[Note: sorry for the double space....more Blogger glitches!]
Very important and pioneering African American actress Evelyn Preer was born Evelyn Jarvis on this day in Vicksburg, Mississippi. When her father died suddenly, her mother moved her and her siblings to Chicago; she was young enough at the time to attend grammar school in the city. Her mother also introduced her to "street preaching"--which in turn introduced her, inadvertently, to street theater--and then on to vaudeville. So after graduating from high school, and already bitten by the acting bug, she went into the field as a profession; despite some family misgivings about it, she prevailed in joining a vaudeville company. She toured extensively on what was known as the "chitlin circuit" in segregated black America in various vaudeville shows--this would eventually lead her all the way to Broadway in a colored performance of Salome in 1923 (she acted with a movie cohort of hers Laura Bowman). Preer's last name came from her first marriage to Frank Preer, who tragically died in 1923. Evelyn married fellow actor Edward Thompson the following year, but kept her first married surname. They met while working together at the Lafayette Theater in Chicago--an extremely important theater group for the advancement of African American acting. Preer made history in 1919, when she accepted the leading female role of Orlean in Oscar Micheaux's directorial debut The Homesteader; it is the very first feature length film made by a black director with an all black cast (it is also notable, due to Micheaux having adapted his own novel for the screen). It is a stinking shame that it is a now lost to us. In fact, of her nearly 20 film roles, more than half of them are believed lost. From then on, whenever she appeared in the Micheaux film, he made her the star; although after 1920, her appearances in front of his camera were fewer and further apart due to her stage work. The last Micheaux film that she appeared in was The Spider's Web, starring opposite Lorenzo McClane (with whom she almost shared a birthday). Her appearance in the film also marked the last time that she was in a silent film. She next acted in a number of early talking shorts, all of them produced in 1929 and all of them made by the Christie Film Company, a division of Paramount. These were part of a greater project at Al Christie's company to make shorts that would compete with other similar comedic talking short films that were fairly numerous in the late 1920's. What is really interesting is that this was a major studio making films with all black casts and with stories that did not stereotype them; some may say that's rare now, it was all but unheard of in the 1920's! The other thing that all of these shorts had in common was the casting of her husband in them as well. The first of these was The Melancholy Dame; and it marked the first time that Preer was directed in film by someone other than Micheaux, in this case Arvid E. Gillstrom (I have provided a full list of links below to these important films). The other director that worked on these films was William Watson and at least one of them featured the acting of Sam McDaniel, brother of Hattie McDaniel with first African American woman to win an Academy Award. The first film of the new decade to feature her acting was the full musical: Georgia Rose. The film, which was written and directed by Harry A. Grant, was made for Arista Pictures and released in September of 1930 (it is among the list of the lost unfortunately). Her last three roles came in major motion pictures, though she was only credited in one: Good Sport (1931) a romantic comedy, Ladies of the Big House (1931) a Sylvia Sidney picture in which she plays an inmate and Josef von Sternberg's Blonde Venus (1932). Preer was also an accomplished blues and jazz singer and twice contributed performances to films (along with her musical performance in Rose mentioned above). She also performed live with musical artists and recorded music--one of her musical collaborators early on was Duke Ellington. Preer had an ascendant career in front of her and she had motherhood to look forward to as well, but she developed post-partum complications about two weeks after giving birth to her daughter Edeve and eventually succumbed to double pneumonia in Los Angeles on the 17th of November at the just the age of 36. She was cremated and her ashes were kept by family. Her husband continued to act in film during the 30's and 40's; and her daughter converted to Roman Catholicism, became a nun and university professor teaching African American cinema. During her lifetime, Preer's most important working relationship was no doubt with the powerhouse that Anita Bush. By far her most well known film performance came in Oscar Michaeux's Within Our Gates--which I am so happy to say is not only still with us, it is so widely available that as of this writing, it is available to stream on Amazon Prime.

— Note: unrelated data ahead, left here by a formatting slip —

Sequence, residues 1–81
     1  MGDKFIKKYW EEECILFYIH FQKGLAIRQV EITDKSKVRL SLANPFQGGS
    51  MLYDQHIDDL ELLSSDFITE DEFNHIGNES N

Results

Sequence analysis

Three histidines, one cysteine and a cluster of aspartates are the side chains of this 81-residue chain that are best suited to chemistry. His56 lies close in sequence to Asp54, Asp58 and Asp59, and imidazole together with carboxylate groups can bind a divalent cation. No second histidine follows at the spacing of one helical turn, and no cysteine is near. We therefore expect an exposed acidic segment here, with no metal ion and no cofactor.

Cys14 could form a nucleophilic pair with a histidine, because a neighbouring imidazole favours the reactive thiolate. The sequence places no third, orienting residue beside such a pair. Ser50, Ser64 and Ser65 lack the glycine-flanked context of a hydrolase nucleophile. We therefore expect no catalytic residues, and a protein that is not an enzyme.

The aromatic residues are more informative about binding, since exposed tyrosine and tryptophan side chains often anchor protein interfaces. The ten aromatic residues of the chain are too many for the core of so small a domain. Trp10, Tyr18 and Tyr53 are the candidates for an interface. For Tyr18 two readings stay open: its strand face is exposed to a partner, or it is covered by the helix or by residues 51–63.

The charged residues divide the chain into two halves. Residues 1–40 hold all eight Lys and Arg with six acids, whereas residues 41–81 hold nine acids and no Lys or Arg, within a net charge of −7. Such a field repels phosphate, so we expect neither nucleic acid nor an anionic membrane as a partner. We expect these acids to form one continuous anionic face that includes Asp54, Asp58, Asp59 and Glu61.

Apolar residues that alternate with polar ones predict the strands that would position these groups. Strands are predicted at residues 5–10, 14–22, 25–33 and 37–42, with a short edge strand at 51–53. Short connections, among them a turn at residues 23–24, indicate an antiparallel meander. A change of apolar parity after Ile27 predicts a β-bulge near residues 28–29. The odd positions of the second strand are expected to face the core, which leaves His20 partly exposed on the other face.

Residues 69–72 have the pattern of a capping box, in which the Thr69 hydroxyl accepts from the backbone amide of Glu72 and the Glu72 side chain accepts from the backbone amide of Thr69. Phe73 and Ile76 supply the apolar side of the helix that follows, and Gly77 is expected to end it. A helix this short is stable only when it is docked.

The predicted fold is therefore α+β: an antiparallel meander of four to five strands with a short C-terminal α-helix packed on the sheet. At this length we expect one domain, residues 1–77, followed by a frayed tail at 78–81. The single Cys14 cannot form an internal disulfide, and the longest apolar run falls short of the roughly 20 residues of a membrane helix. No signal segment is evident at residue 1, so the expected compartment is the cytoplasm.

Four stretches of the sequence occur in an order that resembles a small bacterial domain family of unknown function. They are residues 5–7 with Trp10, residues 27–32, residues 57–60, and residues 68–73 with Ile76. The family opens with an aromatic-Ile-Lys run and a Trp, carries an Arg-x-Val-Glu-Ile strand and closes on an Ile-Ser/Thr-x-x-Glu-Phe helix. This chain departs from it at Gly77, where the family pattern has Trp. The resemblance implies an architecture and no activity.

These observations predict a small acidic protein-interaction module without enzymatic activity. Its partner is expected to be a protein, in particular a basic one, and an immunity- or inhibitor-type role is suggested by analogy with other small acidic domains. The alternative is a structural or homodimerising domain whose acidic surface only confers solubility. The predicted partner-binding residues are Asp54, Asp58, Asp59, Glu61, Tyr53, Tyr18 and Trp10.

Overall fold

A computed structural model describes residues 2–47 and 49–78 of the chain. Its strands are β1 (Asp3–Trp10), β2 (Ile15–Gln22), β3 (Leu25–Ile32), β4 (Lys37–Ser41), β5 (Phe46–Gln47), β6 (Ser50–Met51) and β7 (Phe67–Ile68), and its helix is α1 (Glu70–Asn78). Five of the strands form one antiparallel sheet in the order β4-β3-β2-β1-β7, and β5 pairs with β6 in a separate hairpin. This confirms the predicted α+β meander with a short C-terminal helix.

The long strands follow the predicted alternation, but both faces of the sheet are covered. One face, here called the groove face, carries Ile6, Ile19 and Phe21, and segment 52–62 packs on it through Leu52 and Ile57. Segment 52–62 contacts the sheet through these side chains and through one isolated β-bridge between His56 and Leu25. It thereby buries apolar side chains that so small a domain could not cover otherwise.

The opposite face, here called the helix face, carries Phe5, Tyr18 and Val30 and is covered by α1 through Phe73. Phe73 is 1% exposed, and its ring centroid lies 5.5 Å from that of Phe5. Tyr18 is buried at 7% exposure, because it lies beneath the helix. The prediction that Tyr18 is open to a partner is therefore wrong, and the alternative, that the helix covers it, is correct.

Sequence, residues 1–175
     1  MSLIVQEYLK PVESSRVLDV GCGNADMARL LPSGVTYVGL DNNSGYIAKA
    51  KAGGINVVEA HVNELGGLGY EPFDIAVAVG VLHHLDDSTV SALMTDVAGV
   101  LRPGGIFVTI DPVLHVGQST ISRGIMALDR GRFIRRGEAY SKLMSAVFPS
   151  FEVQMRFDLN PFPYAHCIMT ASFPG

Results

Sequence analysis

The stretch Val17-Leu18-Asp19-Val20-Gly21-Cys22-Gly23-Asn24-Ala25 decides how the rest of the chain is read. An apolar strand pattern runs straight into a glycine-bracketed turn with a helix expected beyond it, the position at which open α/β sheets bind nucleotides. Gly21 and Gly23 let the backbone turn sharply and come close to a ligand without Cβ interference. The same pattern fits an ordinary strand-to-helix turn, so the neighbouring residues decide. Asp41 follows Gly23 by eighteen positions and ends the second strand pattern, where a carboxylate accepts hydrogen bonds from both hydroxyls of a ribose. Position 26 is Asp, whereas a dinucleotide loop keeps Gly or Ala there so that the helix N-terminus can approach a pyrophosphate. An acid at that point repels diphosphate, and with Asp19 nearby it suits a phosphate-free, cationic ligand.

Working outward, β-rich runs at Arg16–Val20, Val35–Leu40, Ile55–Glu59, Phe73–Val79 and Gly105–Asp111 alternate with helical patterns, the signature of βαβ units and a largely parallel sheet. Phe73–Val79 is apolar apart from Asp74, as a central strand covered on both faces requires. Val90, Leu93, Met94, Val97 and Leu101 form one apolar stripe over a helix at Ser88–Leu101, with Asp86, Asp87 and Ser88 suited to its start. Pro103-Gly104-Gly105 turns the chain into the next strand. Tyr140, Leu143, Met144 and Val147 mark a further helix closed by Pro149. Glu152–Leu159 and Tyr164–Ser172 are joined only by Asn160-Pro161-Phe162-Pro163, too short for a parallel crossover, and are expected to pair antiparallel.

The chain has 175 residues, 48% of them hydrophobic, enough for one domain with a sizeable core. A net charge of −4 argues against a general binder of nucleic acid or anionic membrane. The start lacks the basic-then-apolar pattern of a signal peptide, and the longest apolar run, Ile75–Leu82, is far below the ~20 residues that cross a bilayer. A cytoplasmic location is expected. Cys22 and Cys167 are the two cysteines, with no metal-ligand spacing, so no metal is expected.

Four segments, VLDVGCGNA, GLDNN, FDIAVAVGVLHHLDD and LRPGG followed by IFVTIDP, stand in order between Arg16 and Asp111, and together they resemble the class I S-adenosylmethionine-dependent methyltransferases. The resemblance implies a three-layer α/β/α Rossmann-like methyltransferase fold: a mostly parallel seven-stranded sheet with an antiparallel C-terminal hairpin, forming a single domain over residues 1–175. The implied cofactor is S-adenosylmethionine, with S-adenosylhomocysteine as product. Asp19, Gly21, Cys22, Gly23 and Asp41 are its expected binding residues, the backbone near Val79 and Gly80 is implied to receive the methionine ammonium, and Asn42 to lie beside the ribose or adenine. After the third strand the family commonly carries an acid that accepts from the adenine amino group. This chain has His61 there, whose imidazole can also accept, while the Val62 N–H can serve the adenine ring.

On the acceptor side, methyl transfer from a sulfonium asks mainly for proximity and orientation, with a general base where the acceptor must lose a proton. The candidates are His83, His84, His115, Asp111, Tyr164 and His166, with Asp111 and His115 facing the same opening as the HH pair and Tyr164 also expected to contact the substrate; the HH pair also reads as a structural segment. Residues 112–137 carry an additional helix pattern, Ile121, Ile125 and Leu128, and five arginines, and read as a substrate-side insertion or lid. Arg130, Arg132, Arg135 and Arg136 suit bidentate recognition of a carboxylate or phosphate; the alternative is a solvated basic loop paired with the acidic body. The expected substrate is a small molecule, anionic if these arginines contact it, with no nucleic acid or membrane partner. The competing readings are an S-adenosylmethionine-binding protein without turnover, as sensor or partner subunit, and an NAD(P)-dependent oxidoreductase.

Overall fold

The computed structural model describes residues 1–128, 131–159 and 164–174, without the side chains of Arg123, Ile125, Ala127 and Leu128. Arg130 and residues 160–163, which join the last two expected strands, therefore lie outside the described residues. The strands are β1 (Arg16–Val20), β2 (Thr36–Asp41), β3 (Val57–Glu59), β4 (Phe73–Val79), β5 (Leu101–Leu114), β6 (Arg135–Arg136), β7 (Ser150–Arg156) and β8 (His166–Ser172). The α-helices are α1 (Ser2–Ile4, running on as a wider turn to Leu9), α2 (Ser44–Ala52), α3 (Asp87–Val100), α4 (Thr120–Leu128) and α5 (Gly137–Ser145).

[Note: about half the sources on her birth have her birth date on the 16th of July, after doing some additional research this week, I believer that her birthday was indeed the 26th of July instead]
Full List Of The Christie Shorts: